Bigger ads: Big profits, big irritation?
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Kai Ryssdal: You know all that extraneous stuff that shows up on your computer screen when you're reading an article online? We call it annoying. The Web sites call it advertising. And they know most of us just block it out, which isn't so good for paying their bills. Today a trade group that represents sites like the New York Times and ESPN, and a whole mess of others, introduced three new kinds of banner ads that are designed to stay with us for a while. Marketplace's Brendan Newnam reports.
BRENDAN NEWNAM: They sound like the nicknames for a football defensive line. There is the "The Fixed Screen," "the Pushdown," and the "XXL." In fact, they are the new offensive strategy for marketers.
Pam Horan is the President of the Online Publisher's Association, the trade group behind the new ads. The bigger the ad she says the more space an advertiser has to tell you about a product.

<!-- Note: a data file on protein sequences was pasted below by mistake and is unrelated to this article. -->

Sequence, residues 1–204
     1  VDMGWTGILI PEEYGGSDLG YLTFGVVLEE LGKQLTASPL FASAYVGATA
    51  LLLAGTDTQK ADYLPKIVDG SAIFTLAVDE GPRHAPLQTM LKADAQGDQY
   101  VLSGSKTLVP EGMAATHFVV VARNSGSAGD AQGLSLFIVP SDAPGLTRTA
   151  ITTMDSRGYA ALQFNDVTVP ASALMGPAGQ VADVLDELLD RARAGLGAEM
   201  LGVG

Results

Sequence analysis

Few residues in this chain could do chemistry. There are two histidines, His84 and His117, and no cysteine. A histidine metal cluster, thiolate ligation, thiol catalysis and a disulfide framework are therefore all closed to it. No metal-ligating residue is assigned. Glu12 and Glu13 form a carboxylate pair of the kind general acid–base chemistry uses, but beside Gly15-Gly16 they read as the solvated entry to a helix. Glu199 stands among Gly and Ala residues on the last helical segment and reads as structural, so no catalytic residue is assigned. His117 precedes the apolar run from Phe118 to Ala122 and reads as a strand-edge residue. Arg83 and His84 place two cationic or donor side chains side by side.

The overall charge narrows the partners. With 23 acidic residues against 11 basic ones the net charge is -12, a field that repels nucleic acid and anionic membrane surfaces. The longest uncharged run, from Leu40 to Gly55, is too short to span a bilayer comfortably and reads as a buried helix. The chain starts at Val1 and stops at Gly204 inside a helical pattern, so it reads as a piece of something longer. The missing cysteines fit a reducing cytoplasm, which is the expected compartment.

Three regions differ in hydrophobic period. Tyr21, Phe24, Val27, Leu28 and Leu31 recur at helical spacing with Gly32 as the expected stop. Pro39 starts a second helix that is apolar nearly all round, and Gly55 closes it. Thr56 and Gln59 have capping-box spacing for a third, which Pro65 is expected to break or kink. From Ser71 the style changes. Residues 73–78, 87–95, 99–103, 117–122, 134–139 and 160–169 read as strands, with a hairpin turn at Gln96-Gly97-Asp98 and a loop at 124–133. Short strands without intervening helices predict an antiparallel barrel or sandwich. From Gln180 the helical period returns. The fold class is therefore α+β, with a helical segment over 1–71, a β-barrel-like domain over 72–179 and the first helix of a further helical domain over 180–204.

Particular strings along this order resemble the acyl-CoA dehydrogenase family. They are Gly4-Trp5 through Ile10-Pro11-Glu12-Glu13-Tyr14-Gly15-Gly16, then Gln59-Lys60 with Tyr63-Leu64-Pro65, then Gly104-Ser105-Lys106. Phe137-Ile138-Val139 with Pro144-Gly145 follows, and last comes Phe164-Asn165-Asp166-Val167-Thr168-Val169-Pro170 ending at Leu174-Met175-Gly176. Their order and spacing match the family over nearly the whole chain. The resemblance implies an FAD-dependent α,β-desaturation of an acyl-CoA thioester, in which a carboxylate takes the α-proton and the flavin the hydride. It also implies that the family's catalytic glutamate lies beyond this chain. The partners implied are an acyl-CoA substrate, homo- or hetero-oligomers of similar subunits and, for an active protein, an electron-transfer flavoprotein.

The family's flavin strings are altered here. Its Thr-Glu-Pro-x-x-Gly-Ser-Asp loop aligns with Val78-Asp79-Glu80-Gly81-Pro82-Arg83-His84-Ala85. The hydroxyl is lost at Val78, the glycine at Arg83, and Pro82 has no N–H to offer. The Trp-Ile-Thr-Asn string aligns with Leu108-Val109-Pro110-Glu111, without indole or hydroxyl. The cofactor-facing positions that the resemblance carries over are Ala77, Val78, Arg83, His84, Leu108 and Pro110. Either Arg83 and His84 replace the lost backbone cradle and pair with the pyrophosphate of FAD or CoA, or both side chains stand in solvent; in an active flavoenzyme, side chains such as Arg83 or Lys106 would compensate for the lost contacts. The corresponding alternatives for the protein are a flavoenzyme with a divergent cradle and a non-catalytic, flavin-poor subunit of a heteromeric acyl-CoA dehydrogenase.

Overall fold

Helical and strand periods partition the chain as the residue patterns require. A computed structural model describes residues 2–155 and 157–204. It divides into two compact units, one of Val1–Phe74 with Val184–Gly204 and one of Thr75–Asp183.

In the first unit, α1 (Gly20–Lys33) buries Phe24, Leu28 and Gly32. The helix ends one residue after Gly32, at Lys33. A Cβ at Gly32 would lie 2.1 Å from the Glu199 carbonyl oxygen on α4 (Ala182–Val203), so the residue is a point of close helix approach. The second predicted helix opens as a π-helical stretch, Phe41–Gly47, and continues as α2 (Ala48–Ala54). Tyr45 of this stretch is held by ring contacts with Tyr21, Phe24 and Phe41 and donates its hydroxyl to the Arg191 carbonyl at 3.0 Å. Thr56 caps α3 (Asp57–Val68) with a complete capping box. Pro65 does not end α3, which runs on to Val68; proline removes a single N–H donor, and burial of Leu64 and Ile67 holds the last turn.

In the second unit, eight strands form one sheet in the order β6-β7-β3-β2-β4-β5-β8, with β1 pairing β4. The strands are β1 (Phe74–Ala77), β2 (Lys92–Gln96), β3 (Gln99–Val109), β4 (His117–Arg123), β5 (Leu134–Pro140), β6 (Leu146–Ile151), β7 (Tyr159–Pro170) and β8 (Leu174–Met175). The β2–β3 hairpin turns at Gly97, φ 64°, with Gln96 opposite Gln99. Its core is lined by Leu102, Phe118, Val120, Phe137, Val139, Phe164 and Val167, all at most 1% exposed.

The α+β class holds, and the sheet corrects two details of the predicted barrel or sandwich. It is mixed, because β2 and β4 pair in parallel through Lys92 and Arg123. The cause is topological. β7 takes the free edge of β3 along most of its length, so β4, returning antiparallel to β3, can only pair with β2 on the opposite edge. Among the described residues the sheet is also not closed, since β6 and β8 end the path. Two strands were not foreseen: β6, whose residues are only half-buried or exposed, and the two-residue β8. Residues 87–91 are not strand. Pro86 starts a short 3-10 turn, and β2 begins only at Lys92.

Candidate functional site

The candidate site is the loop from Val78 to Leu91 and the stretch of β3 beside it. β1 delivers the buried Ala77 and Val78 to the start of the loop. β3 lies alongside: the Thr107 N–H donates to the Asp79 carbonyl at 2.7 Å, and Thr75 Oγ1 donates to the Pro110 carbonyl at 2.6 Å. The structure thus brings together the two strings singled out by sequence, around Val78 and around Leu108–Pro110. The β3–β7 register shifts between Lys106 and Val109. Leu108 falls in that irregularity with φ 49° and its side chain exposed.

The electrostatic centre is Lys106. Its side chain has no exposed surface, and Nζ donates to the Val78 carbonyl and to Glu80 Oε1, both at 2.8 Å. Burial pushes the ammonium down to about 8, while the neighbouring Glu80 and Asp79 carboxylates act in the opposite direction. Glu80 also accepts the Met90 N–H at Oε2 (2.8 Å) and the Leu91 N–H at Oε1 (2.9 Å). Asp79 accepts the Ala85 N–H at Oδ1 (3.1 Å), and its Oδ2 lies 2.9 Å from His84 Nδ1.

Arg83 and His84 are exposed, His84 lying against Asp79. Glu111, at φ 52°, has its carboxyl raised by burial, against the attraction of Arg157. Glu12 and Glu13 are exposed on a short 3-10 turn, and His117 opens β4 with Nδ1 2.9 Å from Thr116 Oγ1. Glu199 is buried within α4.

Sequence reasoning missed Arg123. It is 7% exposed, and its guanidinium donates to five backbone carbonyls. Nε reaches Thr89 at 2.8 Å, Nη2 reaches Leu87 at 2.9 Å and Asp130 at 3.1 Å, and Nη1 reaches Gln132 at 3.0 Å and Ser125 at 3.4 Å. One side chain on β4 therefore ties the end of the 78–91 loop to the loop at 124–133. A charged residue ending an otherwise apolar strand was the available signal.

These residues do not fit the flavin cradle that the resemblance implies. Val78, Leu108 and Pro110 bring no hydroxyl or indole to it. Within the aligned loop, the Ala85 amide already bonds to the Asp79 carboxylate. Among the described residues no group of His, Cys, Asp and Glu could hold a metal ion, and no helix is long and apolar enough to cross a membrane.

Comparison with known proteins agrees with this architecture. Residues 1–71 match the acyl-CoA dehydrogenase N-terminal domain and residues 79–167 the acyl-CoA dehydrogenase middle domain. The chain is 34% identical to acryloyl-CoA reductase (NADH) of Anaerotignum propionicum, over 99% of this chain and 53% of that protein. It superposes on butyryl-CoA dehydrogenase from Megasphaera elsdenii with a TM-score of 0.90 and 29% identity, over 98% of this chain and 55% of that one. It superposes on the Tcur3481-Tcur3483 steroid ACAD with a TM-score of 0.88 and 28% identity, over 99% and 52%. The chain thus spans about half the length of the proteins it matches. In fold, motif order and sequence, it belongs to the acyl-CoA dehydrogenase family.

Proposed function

PAM Horan: What that does is provide a larger format for that marketer to engage the consumer and have that brand experience right there on the page.
Online publishers are also fighting what they call banner blindness. Emily Riley at Forrester Research says that's when consumers see so many ads they start blocking them out.
EMILY RILEY If you have a big, beautiful ad from a good advertiser right in the middle of a page then you are forced to pay attention.
But Internet surfers don't like being forced to do anything, so advertisers are hoping these ads will capture viewers' attention without annoying them. And if the consumers don't like it?
RILEY: It's a very unique time with the economy being so low. I think all of these sites are looking for ways to entice advertisers to spend more. They might be a little less sensitive to consumer backlash as a result.
In other words, be prepared to be annoyed.
In Los Angeles, I'm Brendan Newnam for Marketplace.